DETAILS: Your next project is another New York story, The Wolf of Wall Street, about Jordan Belfort—a 1990s finance guy who refused to cooperate with a securities fraud investigation and (among other things) ran up a $700,000 hotel bill. What about that story resonates with you?
Martin Scorsese: A lot of people have asked me, 'Don't you want to do something about the economic situation?' And Leo has a passion for the character. That and the film is able to make comments about the values in our culture—in terms of not caring about hurting other people and taking their lives, their houses, cheating other people constantly.
DETAILS: Do you think we're through with the worst of the economic crisis?
Martin Scorsese: For now, probably. But it will happen again. It's the history of the country, and it's happened many times all over the world throughout history.
DETAILS: Hugo was in 3D. Will Wolf of Wall Street be, as well?
Martin Scorsese: I don't think so. I'd like to!
DETAILS: Has making a film in 3D changed the way you work?
Martin Scorsese: I've always been interested in it. But I was never able to use it. I was never able to get it. First of all, it had fallen out of fashion and it took too much money.
DETAILS: What changed?
Martin Scorsese: When I saw James Cameron deliver an address—really, a speech to us—in San Francisco.
DETAILS: Was this a Ted Talk or something?
Martin Scorsese: No, George Lucas called together a group to talk about digital projecting. It was Oliver Stone, Spielberg, Michael Mann, Francis Coppola—all of us.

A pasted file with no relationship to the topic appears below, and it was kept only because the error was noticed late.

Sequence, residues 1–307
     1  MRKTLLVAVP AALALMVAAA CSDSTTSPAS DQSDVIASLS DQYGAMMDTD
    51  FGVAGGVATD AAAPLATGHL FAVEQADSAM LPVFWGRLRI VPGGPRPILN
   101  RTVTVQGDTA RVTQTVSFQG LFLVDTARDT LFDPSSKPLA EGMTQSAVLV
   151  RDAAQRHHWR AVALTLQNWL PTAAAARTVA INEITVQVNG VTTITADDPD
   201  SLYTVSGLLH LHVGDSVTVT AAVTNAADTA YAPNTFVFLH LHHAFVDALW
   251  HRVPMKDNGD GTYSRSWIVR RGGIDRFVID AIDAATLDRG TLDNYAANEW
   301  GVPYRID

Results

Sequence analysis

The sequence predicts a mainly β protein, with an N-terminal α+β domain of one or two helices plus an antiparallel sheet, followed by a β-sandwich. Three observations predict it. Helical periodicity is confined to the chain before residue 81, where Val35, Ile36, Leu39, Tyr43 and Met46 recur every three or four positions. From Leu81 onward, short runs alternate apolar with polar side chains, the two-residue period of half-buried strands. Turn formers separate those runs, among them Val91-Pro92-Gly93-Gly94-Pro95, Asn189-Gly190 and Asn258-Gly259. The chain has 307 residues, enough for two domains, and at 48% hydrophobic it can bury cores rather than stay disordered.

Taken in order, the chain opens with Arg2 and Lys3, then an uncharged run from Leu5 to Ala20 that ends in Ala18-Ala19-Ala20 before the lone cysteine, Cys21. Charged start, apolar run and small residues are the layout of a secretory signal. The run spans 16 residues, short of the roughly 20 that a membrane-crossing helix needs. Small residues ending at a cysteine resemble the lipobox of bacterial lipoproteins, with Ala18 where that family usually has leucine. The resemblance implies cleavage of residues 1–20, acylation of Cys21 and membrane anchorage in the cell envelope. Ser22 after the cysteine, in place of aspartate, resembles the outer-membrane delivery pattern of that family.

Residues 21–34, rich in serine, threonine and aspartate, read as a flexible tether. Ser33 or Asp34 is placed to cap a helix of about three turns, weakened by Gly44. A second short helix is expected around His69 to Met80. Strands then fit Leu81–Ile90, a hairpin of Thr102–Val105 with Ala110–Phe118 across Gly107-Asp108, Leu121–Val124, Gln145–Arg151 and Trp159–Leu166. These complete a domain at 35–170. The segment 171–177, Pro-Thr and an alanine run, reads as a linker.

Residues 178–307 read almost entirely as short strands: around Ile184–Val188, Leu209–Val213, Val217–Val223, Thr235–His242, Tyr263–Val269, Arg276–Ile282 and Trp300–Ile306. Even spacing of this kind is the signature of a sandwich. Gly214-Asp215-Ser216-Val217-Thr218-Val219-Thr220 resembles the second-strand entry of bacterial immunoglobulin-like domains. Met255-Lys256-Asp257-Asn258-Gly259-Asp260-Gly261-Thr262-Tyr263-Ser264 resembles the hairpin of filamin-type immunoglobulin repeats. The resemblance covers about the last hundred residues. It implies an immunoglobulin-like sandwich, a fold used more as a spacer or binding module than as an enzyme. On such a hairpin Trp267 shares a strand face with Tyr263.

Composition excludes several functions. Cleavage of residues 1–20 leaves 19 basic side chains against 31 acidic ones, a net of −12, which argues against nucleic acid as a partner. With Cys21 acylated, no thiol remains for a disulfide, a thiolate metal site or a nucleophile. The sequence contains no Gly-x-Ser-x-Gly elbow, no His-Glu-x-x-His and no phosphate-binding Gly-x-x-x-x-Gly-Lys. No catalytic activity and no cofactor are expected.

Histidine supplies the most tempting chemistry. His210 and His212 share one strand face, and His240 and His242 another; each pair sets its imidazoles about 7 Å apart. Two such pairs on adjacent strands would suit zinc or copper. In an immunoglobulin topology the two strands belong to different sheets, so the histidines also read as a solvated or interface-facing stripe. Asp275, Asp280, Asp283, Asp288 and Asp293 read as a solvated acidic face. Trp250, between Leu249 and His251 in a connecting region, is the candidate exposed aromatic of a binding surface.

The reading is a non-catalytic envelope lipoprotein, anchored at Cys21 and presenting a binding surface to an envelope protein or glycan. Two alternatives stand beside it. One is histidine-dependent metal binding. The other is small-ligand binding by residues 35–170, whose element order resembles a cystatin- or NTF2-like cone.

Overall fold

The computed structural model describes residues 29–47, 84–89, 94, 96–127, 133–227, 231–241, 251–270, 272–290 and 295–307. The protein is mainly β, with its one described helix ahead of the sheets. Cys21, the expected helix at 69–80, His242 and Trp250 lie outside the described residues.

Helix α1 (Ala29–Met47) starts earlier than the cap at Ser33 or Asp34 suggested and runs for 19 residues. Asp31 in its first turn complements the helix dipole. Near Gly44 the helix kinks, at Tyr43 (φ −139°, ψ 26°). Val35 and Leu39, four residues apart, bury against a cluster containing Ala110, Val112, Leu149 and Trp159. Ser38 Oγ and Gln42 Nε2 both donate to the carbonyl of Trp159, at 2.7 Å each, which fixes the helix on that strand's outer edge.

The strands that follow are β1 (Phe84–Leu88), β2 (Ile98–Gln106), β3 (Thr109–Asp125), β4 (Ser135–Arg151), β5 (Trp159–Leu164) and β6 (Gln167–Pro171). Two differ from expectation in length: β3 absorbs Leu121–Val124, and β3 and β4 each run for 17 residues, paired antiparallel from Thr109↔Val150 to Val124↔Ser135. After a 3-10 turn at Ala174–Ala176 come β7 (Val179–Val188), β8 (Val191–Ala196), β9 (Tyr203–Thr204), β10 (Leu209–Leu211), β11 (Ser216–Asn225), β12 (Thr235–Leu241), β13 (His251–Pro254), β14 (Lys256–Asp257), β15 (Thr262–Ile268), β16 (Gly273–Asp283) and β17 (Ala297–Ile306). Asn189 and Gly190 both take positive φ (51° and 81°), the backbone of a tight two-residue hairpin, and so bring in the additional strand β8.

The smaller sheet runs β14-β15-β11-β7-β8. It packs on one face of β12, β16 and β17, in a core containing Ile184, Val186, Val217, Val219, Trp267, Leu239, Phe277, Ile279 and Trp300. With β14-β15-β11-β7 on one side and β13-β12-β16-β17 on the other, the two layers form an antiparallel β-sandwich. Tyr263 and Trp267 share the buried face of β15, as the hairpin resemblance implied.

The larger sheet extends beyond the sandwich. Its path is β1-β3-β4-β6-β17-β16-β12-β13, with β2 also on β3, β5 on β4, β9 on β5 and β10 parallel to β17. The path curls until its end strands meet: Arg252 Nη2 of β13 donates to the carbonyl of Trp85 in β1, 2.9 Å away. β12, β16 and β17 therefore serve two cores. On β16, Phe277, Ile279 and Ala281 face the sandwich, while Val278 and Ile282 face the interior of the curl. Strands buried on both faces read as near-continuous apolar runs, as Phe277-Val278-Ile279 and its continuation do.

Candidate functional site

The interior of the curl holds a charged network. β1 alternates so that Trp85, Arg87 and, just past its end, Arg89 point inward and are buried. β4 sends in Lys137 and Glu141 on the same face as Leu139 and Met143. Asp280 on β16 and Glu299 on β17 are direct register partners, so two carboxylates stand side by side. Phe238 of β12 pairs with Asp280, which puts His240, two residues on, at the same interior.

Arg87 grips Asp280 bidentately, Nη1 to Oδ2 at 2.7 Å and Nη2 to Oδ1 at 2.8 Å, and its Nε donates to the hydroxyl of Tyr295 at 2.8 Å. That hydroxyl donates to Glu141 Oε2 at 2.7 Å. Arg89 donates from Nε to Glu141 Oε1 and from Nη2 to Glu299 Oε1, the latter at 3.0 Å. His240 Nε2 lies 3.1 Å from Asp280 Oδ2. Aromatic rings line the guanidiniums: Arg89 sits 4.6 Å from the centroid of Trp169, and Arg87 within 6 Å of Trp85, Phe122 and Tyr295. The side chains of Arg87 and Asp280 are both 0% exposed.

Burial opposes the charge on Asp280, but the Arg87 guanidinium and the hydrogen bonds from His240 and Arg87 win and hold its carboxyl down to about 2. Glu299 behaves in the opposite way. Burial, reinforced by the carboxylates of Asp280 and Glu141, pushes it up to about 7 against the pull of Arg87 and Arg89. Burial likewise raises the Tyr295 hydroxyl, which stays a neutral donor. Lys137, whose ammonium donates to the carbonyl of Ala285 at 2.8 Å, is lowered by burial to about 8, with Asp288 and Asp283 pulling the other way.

DETAILS: That's quite a room! What's that conversation like?
Martin Scorsese: When I walked into the room, Francis looks at me and the first thing he says is, 'You look like your father!' I said, 'You're right!' That's what it's come to. James Cameron didn't show up, but he sent a video, and he's talking on the video—in 3D. I said, 'Jeez, look at that. I bet you he's going to go there. That's what we should be doing.' It's just him sitting there talking—and it's as if he's in the room! This is exactly what we need. I thought I'd never get a chance to do it. Then Hugo came around. I'm hoping more directors use 3D for dramatic films.
DETAILS: Leonardo DiCaprio just shot Gatsby in 3D with Baz Luhrmann.
Martin Scorsese: Baz Luhrmann came and saw 15 minutes of Hugo. He got up and said, 'This is it! I'm going to use it.' I'm sure he'd decided before. But he wanted to see the system and how we were using it. He went down to Australia and that was it.
DETAILS: Is 3D going to save the film industry from the threat of piracy?
Martin Scorsese: Well, I think the audience has always wanted something to experience in the theater that they can't experience at home. That's what happened in the 50s with widescreen and stereophonic sound.
DETAILS: There are 3D televisions now.
Martin Scorsese: But we'll always need that audience experience—to share something with people around you. And 3D just seems natural. That's the way we experience life.
DETAILS: Let's talk TV. Will you direct another episode of Boardwalk Empire?
Martin Scorsese: I hope so. It's purely timing now. I'm going to do Wolf this summer. We should have started last week!
DETAILS: Where does Boardwalk Empire go from here? I was shocked when Michael Pitt's character was killed off.
Martin Scorsese: Well, the third season is pretty interesting. I don't want to give away anything. But you'll be surprised. Do you know what happened at the end of the 1920s? The worst economic crash in the world. You have all these people—bang bang bang—having a great time. Prohibition was a noble experiment, but you wind up nurturing the underworld. The whole story goes that way up until the market crashes.
DETAILS: Last question: You're attached to direct The Snowman—based on a kick-ass Norwegian crime novel. Why are the best crime stories coming from Norway these days?
Martin Scorsese: It's very dark there. There's hardly any sun!